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MUSHROOMS AND APPLES: PLAYING THE WAITING GAME IN SEVILLE

MUSHROOMS AND APPLES: PLAYING THE WAITING GAME IN SEVILLE

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IF YOU WANT proof that the people of Seville know how to wait, then you only need go to the Metropol Parasol in Encarnación Square. I know this because we have been waiting 15 minutes for two apples in the markets to be found beneath one of the most impressive pieces of sculptural engineering in Europe.

Why bother to wait so long? To not do so would be the act of an impatient tourist, socialised into the soulless efficiency of the supermarket; a brute who has simply failed to understand that the simple act of buying a couple of bits of fruit at the market is at the very heart of urban living. Clearly this was a sentiment shared by the locals contentedly standing around waiting for their oranges and apples and potatoes and plums.

Actually what’s interesting is that we’ve finally twigged that the people of Spain don’t queue while they’re waiting for their fruit and veg (and presumably anything else). Instead the queue is established by each newcomer enquiring of the others who is the last in line. Once that’s sorted — regardless of the fact that everyone isn’t standing in the sort of orderly line which the inhabitants of the British Isles find comforting — order and fairness prevail.

Not that this was a particularly long queue on this Spring morning in Southern Spain’s biggest city (there are six people waiting at most), but it takes so long because noone is allowed to touch the merchandise except for the proud fruiterers. And the fruiterers have displayed their wares in magnificent tiered rows in front of their counter and they have to loop back behind the counter to bag the bounty and ring each sale on their till.

It’s great street theatre. And it takes ages to unfold.

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They finally settled on a special glue strong enough to withstand the withering attention of the Spanish sun.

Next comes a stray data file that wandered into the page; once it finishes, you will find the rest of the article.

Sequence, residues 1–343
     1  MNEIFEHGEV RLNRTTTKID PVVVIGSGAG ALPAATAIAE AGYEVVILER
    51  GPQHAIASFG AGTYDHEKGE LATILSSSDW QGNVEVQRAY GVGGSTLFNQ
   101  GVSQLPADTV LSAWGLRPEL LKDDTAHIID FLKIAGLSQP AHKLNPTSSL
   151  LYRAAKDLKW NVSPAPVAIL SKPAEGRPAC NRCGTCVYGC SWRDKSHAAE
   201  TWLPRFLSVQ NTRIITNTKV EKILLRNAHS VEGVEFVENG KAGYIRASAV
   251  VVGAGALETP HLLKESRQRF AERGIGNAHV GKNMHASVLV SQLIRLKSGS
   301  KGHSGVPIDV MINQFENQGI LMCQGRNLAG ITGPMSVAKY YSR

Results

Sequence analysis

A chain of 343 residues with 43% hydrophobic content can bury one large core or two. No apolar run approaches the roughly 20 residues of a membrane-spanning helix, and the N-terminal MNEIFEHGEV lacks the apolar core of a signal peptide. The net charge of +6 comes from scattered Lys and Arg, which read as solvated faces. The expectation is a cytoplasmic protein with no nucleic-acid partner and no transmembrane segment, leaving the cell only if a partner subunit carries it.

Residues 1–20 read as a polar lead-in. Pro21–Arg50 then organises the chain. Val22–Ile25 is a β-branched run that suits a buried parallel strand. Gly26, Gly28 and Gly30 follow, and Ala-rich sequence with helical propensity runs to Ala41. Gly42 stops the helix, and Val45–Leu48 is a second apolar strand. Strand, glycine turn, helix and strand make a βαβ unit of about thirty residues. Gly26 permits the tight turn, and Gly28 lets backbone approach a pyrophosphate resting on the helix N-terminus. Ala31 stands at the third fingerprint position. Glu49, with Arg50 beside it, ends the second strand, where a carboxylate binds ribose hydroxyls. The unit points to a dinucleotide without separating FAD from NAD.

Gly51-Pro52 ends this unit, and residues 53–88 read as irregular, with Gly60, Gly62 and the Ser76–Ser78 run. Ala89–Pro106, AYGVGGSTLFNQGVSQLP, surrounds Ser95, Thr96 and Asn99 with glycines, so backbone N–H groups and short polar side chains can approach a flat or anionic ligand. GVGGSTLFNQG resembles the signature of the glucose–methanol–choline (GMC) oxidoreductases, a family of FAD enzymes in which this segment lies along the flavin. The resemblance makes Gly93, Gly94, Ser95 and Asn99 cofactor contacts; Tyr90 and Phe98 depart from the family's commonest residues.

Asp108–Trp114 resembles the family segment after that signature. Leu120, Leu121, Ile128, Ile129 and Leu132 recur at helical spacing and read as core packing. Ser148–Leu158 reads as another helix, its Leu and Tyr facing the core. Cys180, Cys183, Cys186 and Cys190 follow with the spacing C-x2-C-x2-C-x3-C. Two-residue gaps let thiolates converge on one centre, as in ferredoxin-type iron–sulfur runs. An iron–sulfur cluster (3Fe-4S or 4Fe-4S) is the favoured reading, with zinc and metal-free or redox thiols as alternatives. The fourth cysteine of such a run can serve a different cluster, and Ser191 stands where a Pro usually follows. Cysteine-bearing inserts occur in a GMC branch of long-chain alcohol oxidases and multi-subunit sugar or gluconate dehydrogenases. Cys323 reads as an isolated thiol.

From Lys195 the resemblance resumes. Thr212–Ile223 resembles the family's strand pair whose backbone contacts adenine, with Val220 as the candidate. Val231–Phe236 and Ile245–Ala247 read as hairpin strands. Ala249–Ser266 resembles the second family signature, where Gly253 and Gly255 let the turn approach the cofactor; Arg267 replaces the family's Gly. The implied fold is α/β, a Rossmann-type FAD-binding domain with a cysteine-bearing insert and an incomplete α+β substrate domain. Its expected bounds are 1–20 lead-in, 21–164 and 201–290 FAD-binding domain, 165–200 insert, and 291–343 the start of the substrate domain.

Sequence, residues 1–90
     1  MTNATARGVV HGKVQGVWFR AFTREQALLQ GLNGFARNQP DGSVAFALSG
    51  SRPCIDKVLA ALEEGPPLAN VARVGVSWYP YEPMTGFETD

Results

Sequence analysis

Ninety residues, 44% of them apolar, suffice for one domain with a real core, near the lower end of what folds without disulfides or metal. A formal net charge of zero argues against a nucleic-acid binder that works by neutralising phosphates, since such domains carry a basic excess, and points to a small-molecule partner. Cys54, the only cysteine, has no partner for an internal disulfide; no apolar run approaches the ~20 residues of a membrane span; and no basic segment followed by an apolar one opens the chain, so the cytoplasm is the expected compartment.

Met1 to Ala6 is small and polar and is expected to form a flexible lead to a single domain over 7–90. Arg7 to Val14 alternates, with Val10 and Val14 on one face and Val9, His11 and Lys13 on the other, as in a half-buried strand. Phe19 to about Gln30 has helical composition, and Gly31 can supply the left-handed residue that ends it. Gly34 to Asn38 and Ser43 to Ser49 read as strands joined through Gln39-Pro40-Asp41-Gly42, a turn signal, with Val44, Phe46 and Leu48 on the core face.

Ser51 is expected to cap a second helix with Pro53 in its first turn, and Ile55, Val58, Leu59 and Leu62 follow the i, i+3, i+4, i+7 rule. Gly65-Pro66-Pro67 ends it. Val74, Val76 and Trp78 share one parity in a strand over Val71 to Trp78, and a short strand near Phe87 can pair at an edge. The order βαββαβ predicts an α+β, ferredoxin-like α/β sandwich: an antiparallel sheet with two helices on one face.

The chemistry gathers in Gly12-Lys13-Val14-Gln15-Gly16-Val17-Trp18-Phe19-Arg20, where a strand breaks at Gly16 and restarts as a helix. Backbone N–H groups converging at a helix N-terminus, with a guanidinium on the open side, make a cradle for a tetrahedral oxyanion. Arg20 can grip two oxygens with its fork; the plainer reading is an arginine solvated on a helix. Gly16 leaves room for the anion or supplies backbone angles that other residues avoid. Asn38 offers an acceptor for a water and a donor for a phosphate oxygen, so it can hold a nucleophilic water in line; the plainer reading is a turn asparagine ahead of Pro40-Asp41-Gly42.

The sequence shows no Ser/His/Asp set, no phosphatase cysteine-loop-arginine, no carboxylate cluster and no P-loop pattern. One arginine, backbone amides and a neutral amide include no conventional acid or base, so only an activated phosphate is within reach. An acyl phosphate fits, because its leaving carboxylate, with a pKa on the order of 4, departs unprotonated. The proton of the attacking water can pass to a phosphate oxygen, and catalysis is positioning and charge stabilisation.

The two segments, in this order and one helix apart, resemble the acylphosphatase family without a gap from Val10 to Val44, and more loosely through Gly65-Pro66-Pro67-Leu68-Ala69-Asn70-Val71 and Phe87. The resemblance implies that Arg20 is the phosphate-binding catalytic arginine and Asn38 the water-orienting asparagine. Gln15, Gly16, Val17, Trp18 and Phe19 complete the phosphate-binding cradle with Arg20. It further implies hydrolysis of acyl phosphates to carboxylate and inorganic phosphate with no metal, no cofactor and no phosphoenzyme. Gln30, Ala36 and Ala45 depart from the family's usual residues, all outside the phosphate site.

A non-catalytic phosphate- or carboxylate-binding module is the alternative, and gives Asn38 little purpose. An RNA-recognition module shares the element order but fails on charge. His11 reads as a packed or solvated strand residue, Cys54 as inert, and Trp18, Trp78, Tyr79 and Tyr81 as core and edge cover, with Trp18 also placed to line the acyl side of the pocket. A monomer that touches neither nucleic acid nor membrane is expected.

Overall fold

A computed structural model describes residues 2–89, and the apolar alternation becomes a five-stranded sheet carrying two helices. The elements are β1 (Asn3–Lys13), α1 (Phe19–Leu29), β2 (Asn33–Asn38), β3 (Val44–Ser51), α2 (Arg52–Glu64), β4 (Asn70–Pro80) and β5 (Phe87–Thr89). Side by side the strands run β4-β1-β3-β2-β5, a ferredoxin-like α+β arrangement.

And that’s entirely appropriate because the extraordinary architectural confection to which these markets belong is itself a huge and theatrical sunshade and it too took an age to build. Much longer than you’d imagine would be deemed acceptable in many other places in the world.

But if it takes 15 minutes to buy a couple of apples …

That’s not to say this in any way instructive of the languid nature of the Spanish national character because the architect of the Metropol Parasol — or what is know locally as Las Setas de la Encarnación (Encarnación’s mushrooms)  — was a German firm and it took 4 years longer than expected to build.

Looking at it, that’s hardly surprising.

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And that’s because Las Setas looks like its been built the same way as one of those timber Tyrannosaurus Rex’s that you slot together. Only this is a different organism altogether — possibly a gargantuan amoeba — hovering majestically over this unprepossessing square in a quiet corner of Seville.

Why it actually took so long to slot the thing together meanwhile is apparently down to the fact that it took them years to settle how they were going to actually stop it coming apart. They finally agreed upon a special glue strong enough to withstand the withering attention of the Spanish sun.

Work began on the structure in 2005 and it was originally due to be finished in 2007. It was eventually finished in 2011 at a reported cost of 90 million Euros (it was originally projected to cost around 50 million Euros).

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Designed by the Berlin-based firm J. Mayer H. Architects, the Metropol Parasol is around 28.5 metres high, takes up a building area of 5,000 square metres and was built from concrete timber and steel. The square had featured a market in the 19th and 20th centuries but it had been earmarked for redevelopment for years. In the 1990s work was begun on an underground car park and old Roman and Andalusian ruins were discovered. The Metropol Parasol development includes a large museum exposing and displaying artifacts and the remnants of these ancient stuctures, together with restaurants, bars and a farmer’s market.

A highlight of the visit is to take a lift up on the structure itself, where you can explore its remarkables curves via a series of gantries, look out across the rooftops of Seville in a panoramic 360 degrees (and hope that the glue holds out while you’re up there).

It’s not something you’d want to do under the heat of the Summer sun — the obvious effectiveness of the glue notwithstanding — but because you’d fry. At any other time of year, it’s a trip worth more than the couple of Euros it costs for admission.

Besides that it’s also a good spot to buy a few supplies at the market down below — just as long as you’ve got the time to spare and enough Spanish to negotiate the complex etiquette of queueing for a couple of Braeburns.

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GUY ALLENBY

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Guy is a past design editor of Belle Magazine and was a feature writer and section editor at the Sydney Morning Herald for a number of years. His work has also been published in The Australian newspaper plus a host of magazines internationally. He is the author of a couple of architecture books and a best-selling biography of mind-body medical pioneer Ian Gawler entitled "The Dragon's Blessing". He is the editor of the generalist.

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